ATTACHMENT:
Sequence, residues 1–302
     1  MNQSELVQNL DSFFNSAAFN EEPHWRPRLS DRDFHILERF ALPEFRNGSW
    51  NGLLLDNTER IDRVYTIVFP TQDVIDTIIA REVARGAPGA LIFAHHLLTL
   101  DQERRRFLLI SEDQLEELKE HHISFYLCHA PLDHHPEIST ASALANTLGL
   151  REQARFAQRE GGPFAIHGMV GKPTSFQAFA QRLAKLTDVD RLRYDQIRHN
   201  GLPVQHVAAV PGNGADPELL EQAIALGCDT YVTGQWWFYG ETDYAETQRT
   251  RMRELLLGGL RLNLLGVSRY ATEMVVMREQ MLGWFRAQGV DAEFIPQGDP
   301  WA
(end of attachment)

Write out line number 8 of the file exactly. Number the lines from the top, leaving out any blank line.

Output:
   301  WA